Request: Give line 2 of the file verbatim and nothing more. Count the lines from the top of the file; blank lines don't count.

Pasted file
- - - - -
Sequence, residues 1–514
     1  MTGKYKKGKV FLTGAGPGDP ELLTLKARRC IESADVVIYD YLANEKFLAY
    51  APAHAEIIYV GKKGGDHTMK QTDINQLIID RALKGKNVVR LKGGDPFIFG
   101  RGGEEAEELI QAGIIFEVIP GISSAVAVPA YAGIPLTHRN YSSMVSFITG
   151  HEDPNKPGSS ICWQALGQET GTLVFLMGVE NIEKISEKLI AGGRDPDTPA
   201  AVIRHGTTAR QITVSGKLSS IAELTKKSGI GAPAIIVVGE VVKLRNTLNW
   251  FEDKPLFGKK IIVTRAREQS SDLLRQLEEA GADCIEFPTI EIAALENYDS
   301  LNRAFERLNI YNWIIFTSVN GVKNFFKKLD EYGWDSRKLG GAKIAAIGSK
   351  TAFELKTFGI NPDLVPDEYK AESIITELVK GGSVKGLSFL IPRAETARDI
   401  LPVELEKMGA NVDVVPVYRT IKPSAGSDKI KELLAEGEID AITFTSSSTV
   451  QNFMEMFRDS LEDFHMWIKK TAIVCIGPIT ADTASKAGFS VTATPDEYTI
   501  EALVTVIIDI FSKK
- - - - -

     1  MTGKYKKGKV FLTGAGPGDP ELLTLKARRC IESADVVIYD YLANEKFLAY